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Throw the Money Changers Out of the Temple

Robert Scheer
Editor in Chief
Robert Scheer, editor in chief of Truthdig, has built a reputation for strong social and political writing over his 30 years as a journalist. His columns appear in newspapers across the country, and his…
Robert Scheer

Wall Street profits are an obscene affront to Scripture, as Robert Scheer details in an interview with Amy Goodman on “Democracy Now!”

Democracy Now!:

Partial rush transcript from Democracy Now!:

AMY GOODMAN: We turn now to the latest on the economy. A pair of new government reports released this week paint a startling picture of where the country is, more than a year after the economic meltdown. On Tuesday, the New York Comptroller’s Office said Wall Street profits are set to exceed the record set three years ago. The four largest firms—Goldman Sachs, Merrill Lynch, Morgan Stanley, JPMorgan Chase—took in $22.5 billion in profits through September. The top six banks set aside $112 billion for salaries and bonuses over the same period. In a recent interview, the CEO of Goldman Sachs, Lloyd Blankfein, defended the bank’s massive profits, saying Goldman is, quote, “doing God’s work.”

Meanwhile, the Department of Agriculture has revealed that far more people are going hungry in the United States than previously thought. The Department estimates 50 million Americans, including a quarter of all children, struggled to get enough to eat last year. The number of children who live in households in which food at times was scarce last year stands at 17 million, an increase of four million children in just a year.

Our next guest has been closely following the impact and causes of the economic meltdown. Robert Scheer, editor at Truthdig.com, author of many books, including The Pornography of Power: How Defense Hawks Hijacked 9/11 and Weakened America. His latest column is called “Where Is the Community Organizer We Elected?” He joins me here in Burbank, California.

Welcome to Democracy Now!, Robert Scheer. OK, just talk about these figures, from hunger to Goldman Sachs.

ROBERT SCHEER: Well, first of all, I mean, the whole thing about the profit of Wall Street that makes it particularly obscene is that we gave them that money. Your previous guest talked about how China is carrying $800 billion of our debt. We’re running up a $1.4 trillion deficit. And what happened was, we threw a lot of money at Wall Street. In particular, in relation to Goldman, we had this buyout of AIG, $180 billion. We’ve guaranteed the toxic assets of these enterprises. And that money, in a really truly shameful way, was passed on directly to the very companies that you mentioned that are giving themselves profits. So there’s something—yes, I’ll use the word “obscene.”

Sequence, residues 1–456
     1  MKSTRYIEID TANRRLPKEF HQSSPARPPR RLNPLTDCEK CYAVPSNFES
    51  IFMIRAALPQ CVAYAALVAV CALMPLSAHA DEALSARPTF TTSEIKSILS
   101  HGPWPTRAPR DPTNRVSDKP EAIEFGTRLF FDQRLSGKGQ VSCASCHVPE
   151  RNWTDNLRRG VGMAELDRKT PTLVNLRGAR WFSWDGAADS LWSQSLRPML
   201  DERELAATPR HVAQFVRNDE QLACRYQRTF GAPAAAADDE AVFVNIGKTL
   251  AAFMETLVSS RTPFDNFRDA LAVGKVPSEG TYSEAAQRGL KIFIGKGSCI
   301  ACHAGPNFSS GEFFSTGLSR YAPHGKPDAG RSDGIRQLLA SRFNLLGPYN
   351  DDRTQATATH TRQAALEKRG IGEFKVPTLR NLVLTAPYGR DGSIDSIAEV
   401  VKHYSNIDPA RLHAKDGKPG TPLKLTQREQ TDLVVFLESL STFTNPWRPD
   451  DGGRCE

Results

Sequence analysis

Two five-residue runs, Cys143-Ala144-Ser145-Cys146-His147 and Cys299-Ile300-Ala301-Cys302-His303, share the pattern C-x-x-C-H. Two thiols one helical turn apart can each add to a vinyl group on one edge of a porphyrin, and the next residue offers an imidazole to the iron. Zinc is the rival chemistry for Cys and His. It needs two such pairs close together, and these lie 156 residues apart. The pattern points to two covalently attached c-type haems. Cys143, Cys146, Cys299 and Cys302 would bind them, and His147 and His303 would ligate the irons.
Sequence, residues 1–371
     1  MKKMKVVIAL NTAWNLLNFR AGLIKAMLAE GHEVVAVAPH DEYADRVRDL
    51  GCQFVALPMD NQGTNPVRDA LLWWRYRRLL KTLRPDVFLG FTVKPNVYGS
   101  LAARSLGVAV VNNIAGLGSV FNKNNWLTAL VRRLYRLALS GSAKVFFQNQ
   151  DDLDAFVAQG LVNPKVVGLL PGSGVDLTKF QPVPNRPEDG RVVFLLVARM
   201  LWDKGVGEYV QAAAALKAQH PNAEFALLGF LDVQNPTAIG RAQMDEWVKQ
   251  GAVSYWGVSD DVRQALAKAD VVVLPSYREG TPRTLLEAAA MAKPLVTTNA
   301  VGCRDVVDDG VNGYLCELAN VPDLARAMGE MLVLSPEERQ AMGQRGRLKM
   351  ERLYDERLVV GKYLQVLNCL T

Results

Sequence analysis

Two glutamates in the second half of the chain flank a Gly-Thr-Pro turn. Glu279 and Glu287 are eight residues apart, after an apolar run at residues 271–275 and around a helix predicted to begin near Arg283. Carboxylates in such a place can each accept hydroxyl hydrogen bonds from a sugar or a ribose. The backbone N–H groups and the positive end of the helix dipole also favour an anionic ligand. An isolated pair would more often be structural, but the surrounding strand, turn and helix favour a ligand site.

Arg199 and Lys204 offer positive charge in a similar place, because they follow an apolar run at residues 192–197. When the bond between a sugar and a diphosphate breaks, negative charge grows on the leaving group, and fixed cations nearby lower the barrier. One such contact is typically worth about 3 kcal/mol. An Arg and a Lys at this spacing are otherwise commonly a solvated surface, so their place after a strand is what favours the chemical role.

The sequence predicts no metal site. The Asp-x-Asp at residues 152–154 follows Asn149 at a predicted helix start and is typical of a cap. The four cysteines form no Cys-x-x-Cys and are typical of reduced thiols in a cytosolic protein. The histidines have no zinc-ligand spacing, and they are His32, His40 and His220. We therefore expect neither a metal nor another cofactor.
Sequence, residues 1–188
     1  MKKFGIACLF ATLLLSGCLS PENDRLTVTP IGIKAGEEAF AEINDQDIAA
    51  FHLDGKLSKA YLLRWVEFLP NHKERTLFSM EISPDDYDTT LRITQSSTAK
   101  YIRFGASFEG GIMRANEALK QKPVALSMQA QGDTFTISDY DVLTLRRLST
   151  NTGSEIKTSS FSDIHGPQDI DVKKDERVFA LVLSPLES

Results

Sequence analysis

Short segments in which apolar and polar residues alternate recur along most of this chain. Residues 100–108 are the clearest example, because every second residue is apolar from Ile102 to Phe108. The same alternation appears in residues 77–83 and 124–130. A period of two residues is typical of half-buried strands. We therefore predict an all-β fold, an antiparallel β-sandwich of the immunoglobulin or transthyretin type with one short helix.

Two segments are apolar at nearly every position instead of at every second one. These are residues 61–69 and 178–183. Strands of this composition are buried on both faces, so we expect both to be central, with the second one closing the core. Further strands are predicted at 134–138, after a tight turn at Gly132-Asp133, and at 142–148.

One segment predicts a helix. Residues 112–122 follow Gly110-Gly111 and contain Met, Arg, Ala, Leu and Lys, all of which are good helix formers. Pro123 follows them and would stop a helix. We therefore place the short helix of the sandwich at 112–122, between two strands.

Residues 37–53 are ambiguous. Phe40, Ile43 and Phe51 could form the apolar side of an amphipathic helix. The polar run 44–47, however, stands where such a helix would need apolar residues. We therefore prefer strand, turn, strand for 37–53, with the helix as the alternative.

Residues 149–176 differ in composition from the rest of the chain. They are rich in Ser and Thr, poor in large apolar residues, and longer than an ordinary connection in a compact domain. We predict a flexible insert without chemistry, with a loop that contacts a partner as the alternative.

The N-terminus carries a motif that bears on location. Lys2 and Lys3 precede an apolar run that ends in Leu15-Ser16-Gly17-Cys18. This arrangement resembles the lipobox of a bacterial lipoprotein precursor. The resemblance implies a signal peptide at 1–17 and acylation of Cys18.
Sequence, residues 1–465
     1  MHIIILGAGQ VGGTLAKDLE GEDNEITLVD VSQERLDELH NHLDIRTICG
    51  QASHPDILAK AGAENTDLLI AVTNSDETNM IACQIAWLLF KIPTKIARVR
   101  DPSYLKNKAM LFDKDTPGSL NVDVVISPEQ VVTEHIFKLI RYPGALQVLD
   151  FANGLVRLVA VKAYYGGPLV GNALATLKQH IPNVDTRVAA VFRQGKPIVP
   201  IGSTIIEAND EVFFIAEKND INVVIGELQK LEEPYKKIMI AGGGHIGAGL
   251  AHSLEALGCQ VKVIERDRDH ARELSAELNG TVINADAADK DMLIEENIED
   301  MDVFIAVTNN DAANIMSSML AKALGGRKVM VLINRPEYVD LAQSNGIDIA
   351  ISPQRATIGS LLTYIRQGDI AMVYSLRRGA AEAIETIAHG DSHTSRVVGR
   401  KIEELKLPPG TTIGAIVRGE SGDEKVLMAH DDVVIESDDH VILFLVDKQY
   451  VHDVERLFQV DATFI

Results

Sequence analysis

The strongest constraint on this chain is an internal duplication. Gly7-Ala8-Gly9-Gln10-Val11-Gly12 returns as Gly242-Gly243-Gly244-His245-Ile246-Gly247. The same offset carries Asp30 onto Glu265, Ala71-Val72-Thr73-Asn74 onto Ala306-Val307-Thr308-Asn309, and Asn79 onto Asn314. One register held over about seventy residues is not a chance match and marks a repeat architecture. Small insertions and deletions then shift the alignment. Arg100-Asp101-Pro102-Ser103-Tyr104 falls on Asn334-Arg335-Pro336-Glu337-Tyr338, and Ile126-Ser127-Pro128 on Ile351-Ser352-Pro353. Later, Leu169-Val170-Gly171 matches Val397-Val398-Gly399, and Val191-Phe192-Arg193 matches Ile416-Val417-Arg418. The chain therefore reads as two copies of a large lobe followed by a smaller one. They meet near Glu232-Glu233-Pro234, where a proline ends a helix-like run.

It’s also interesting that he should say he’s “doing God’s work,” Blankfein, the head of Goldman Sachs. And my goodness, if Scripture is clear on anything, it’s condemnation of those who take advantage of the poor. You know, after all, Jesus threw the money changers out of the temple. Scripture is devastating in its condemnation of usury, the immorality of usury. And yet, in your promo, you mentioned Chris Dodd is trying to get a bill passed that would cap interest rates. You know, where is the Christian right? Where are the Christians? Where are the Jews, for that matter? Or the Muslims? At least the Muslims, in their religious practice, don’t believe in interest as a principle, but the idea that we’re jacking up credit cards to 30, 35—this is loan sharking. And we can’t even get a bill passed through Congress that would cap interest payments.

The other thing is, their rationalization is they’re somehow saving the economy. It’s the old blackmail thing. They ruined the economy; they got the legislation, the radical deregulation they wanted, that permitted them to become too big to fail—Citigroup and these companies; and then they turn around and say, “If you don’t throw all this money at us, the economy is going to go into the Great Depression.” But they haven’t solved the main problems. Mortgage foreclosures this month are higher than they’ve been in ten months. We have the commercial housing market exploding, you know, apartment building rentals exploding, going into mortgages. And so, you know, they are not dealing with the fundamentals. What has happened is an incredibly expensive band-aid was put on this. And these people don’t even have—they’re not even embarrassed.

And the reason I wrote that column is they’ve also captured the President. And, you know, I voted for this president. I even contributed money that I didn’t have to his campaign. You know, I still feel great that he’s the President. You know, I’m biased. I like the guy, you know. I like everything about him.

AMY GOODMAN: Yet you ask, where’s the community-organizer-in-chief?

ROBERT SCHEER: I am appalled. This is not a minor criticism. I think the guy is betraying—betraying—his own presidency, the promise of his presidency, because he has taken these thieves—and I use the word advisedly. You know, I think people like Lawrence Summers, who pay themselves—you know, maybe he’s not legally a thief, but, you know, a guy who pays himself, or gets paid from hedge funds and other people, $15 million in ’08, while he’s advising Obama about the economy. And he’s the guy who, more than anyone else, when he was Secretary of the Treasury in the Clinton administration, pushed through the radical deregulation that allowed these businesses to get in all this trouble and refused to regulate derivatives and all that sort of thing. And then these guys are made the head of the—what? They’re going to save us now?

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